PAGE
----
Kanye had become a familiar, a small star in the pop culture constellation that tried to shine real hard.
Fast forward to the September of 2009. Welcome to the post-Michael Jackson age. The music television stations went into hyperbole induced cardiac arrests when the now deposed King of Pop popped his clogs under mysterious circumstances earlier that summer. His videos, ergo his music and his image and the weird feeling of disquiet displacement that came over you when confronted with the erosion of a human face and the visualization of an irreversible loss of identity, were played on repeat. Zombies ceaselessly reanimated themselves, tigers appeared, disappeared and reappeared on flashing-pavestones, the same carpark-dwelling gangs were destined to brawl over and over and over into eternity. The deification of a strange and distant manchild who many saw as an oddly-never-convicted paedophile was troubling. The same rhetoric spewed forth time and time again, ‘troubled childhood’, ‘the soaring majesty of disco transcendentalism’, ‘unable to cope with the realties of being famous to an unreal degree’, ‘non-standard sexual and racial identities.’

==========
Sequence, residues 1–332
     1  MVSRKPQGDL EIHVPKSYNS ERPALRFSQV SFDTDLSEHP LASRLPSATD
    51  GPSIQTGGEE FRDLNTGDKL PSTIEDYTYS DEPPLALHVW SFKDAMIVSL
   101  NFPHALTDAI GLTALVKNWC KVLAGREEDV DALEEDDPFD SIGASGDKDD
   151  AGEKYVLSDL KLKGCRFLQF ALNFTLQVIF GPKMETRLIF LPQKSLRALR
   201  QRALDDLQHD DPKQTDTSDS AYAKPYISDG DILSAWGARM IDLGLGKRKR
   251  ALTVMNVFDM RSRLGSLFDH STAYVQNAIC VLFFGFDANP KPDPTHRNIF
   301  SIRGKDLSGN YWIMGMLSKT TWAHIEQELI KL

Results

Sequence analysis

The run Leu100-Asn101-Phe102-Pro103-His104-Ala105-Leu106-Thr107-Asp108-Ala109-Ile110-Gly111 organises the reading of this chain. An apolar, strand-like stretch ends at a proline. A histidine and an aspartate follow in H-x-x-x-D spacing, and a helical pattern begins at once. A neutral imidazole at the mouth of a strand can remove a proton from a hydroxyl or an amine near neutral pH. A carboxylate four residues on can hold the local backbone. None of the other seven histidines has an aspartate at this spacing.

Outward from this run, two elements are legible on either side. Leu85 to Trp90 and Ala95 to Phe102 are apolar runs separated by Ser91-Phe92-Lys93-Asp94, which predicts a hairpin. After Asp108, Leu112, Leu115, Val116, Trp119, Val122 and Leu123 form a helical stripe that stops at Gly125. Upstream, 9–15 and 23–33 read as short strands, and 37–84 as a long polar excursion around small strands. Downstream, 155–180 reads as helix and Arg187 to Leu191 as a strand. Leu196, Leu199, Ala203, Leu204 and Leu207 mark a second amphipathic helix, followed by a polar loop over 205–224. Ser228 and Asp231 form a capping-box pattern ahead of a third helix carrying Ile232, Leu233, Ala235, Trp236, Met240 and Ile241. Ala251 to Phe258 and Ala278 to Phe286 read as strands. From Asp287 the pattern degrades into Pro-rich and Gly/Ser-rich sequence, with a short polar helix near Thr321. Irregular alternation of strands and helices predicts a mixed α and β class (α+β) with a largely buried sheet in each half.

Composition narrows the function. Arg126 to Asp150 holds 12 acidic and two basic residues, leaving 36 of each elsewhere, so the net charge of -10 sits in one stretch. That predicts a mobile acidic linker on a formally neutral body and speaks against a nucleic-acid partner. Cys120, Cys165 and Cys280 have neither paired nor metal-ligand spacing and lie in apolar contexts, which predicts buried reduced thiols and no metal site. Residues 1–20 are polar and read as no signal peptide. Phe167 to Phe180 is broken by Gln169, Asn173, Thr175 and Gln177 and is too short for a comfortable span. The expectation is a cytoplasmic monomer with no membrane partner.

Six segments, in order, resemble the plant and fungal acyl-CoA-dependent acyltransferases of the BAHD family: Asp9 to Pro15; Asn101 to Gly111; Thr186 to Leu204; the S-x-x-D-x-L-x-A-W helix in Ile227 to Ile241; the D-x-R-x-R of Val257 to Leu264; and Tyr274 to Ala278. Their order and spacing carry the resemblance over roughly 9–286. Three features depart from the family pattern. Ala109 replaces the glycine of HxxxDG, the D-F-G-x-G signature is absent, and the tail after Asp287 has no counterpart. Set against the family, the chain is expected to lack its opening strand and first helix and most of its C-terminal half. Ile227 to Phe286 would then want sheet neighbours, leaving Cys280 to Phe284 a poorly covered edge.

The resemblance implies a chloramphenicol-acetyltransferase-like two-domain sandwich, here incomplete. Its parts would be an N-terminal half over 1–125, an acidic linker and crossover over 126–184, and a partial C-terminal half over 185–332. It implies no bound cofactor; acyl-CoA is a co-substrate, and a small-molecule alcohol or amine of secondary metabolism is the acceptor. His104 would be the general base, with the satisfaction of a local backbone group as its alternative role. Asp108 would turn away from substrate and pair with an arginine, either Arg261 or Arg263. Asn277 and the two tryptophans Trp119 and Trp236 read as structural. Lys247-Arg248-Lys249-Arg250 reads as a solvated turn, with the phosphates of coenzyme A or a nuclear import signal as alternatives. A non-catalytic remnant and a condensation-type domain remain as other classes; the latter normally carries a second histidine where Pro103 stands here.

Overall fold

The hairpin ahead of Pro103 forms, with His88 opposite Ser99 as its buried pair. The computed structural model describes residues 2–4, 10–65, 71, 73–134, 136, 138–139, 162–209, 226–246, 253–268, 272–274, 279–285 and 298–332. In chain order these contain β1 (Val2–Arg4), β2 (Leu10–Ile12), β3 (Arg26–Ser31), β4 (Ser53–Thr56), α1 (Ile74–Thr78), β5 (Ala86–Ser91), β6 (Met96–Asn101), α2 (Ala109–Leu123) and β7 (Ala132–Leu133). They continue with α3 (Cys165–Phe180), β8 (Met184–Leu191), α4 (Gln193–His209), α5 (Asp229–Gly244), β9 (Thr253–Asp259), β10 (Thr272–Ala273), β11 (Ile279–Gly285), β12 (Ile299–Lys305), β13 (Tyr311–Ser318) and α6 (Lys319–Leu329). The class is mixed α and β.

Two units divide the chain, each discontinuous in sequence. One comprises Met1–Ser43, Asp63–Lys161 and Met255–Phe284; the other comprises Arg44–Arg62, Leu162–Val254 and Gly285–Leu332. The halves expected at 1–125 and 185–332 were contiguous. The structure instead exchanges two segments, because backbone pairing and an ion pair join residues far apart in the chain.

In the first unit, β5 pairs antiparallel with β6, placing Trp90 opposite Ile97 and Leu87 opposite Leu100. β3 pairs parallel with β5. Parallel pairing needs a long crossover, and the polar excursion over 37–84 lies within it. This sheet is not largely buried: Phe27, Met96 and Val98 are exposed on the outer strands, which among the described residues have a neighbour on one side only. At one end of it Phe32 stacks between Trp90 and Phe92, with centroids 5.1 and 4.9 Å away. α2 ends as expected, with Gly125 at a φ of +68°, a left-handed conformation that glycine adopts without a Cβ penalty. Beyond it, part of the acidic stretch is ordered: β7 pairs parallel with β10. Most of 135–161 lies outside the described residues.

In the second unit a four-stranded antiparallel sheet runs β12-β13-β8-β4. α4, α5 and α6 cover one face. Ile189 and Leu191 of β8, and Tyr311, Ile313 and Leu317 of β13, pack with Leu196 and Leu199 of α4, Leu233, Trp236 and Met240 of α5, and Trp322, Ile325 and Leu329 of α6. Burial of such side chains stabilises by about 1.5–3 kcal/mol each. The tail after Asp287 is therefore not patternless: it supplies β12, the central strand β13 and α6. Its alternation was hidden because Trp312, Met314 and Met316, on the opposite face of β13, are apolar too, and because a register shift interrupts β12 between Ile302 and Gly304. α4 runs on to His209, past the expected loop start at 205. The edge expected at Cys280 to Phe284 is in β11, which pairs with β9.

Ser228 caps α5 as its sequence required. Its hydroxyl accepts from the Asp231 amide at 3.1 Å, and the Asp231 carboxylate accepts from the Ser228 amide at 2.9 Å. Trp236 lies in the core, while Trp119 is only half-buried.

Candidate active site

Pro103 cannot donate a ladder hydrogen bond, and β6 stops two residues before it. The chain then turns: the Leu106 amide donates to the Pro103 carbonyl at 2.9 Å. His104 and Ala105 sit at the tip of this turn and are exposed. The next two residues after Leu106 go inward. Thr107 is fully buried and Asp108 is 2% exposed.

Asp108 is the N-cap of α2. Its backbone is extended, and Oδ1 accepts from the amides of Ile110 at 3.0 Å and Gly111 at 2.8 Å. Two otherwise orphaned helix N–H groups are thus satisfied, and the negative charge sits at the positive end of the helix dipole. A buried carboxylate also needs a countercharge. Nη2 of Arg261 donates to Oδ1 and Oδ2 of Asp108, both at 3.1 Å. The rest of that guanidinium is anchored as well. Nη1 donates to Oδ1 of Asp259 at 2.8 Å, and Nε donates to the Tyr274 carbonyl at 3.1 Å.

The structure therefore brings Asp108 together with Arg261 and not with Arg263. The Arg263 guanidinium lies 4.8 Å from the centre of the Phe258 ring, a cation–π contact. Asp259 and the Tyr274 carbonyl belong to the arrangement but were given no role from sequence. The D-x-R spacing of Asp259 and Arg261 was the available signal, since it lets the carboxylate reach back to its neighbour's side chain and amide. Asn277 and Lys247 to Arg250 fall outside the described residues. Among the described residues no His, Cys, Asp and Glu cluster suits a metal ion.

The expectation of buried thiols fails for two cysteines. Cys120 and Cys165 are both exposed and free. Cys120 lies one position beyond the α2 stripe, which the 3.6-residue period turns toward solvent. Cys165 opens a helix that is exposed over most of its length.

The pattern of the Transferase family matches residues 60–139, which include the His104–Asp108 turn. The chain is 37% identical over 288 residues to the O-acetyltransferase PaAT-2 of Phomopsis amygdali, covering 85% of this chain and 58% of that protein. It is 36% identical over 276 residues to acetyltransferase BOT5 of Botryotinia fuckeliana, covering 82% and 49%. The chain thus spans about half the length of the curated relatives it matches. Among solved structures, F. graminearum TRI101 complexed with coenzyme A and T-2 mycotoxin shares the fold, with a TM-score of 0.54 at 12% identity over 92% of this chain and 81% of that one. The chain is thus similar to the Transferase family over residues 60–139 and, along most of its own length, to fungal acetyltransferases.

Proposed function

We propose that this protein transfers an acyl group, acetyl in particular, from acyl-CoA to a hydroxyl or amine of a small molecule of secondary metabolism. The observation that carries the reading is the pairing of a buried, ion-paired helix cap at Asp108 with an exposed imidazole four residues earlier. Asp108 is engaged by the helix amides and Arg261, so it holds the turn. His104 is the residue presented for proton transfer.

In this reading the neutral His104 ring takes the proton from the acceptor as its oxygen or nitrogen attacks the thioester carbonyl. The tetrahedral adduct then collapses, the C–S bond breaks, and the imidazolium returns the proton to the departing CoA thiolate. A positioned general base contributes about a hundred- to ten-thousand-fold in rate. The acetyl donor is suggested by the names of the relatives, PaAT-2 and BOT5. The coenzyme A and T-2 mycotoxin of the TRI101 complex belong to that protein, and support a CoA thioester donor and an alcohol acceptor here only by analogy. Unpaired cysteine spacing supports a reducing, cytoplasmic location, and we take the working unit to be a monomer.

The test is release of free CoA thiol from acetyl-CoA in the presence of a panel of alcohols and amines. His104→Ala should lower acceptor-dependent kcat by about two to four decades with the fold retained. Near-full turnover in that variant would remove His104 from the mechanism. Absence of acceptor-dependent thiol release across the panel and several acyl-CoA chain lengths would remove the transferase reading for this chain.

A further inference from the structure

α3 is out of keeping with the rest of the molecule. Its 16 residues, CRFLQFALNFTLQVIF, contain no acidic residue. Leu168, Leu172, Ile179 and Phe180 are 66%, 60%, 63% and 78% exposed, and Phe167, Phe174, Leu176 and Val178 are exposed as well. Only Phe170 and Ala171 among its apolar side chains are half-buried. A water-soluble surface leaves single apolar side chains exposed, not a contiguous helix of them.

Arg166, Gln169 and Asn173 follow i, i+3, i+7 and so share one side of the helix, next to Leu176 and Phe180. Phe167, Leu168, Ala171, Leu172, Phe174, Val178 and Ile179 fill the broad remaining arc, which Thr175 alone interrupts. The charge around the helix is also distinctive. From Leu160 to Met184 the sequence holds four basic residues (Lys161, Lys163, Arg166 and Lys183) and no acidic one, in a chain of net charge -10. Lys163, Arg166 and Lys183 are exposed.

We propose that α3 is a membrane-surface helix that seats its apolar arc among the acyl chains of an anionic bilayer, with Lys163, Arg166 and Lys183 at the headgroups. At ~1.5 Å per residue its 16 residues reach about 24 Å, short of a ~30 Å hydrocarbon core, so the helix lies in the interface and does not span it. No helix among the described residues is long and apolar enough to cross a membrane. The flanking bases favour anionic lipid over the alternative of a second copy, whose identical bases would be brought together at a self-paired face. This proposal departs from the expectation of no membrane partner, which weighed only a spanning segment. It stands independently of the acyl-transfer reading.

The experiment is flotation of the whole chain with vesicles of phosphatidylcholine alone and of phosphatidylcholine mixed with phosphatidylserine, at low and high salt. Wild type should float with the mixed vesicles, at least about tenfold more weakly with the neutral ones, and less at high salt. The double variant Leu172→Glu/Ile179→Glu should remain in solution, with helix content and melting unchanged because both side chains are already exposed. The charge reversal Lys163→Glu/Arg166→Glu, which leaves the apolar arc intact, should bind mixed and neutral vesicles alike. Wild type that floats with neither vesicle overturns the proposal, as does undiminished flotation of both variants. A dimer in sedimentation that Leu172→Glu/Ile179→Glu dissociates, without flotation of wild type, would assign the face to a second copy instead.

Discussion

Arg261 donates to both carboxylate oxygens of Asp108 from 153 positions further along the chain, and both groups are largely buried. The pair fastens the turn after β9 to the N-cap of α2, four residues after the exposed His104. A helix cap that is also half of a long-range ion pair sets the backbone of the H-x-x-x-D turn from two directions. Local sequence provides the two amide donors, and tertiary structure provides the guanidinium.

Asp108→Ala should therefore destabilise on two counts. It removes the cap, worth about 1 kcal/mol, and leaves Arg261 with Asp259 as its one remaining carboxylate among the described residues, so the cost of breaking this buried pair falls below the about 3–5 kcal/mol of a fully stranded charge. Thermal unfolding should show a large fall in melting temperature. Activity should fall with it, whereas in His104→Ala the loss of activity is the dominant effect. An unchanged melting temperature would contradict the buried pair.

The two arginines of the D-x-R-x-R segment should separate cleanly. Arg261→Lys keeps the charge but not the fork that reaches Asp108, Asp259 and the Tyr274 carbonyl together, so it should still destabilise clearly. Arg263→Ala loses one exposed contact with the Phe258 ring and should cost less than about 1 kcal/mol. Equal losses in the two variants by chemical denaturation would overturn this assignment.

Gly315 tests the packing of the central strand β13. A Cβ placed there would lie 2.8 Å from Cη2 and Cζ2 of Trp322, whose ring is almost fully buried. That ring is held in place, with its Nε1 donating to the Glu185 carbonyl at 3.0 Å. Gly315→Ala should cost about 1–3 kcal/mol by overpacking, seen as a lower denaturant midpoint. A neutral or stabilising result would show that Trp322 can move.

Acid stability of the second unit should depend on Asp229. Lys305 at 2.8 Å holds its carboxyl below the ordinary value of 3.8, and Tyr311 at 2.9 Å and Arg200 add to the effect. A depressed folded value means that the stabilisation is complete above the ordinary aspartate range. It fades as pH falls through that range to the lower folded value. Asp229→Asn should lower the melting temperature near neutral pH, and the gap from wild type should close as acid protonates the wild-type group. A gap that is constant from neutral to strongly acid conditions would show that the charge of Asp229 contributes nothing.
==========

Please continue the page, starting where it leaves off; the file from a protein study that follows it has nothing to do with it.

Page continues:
The MTV Video Music Awards ceremony of 2009 acted as a vigil for Jackson’s death; singers lined up to utter platitudes about the boy from Gary, Indiana’s otherworldly presence and beauty, his humanitarian efforts and his near-flawless musical oeuvre. Kanye had been invited that year and found himself nodding along in agreement when, in a surreal and previously unimaginable moment, Buzz Aldrin, famously the second man to step foot on the moon, was heard praising Jackson to the high heavens to an audience who lapped the spoken admiration up. The show’s host was an English comedian with unruly hair and tight jeans, normally known for his polysyllabic archaisms managed to not make a single quip about child sex abuse or racial transformation, but did manage to squeak out a few anodyne remarks about ‘great music’ and ‘fantastic dancing’ and then went into routines about scrotal sacks and the possibility of performing sex acts with some of the artists in the audience that evening.
Television cameras panned round the tables clustered with immediately refilled upon finish glasses of water, now-empty plates, and a scattering of celebrities who flashed thousand-dollar smiles when the lens was on them but relaxed back into a state of near sleep when the steadicam crept away, heading toward the next set of rictus grins and breast implants. Kanye was sat at a table with his manger and her son, someone who used to dance at Jennifer Lopez live shows, and a competition winning teenage girl who remained resolutely mute throughout. The ceremony was, as these things always are, a dull, back-slapping affair that aimed for controversy by settled for mild diversion. At some point, around the time the nominees for the ‘Best Editing in a Video’ award were being announced, Kanye upped the table and left.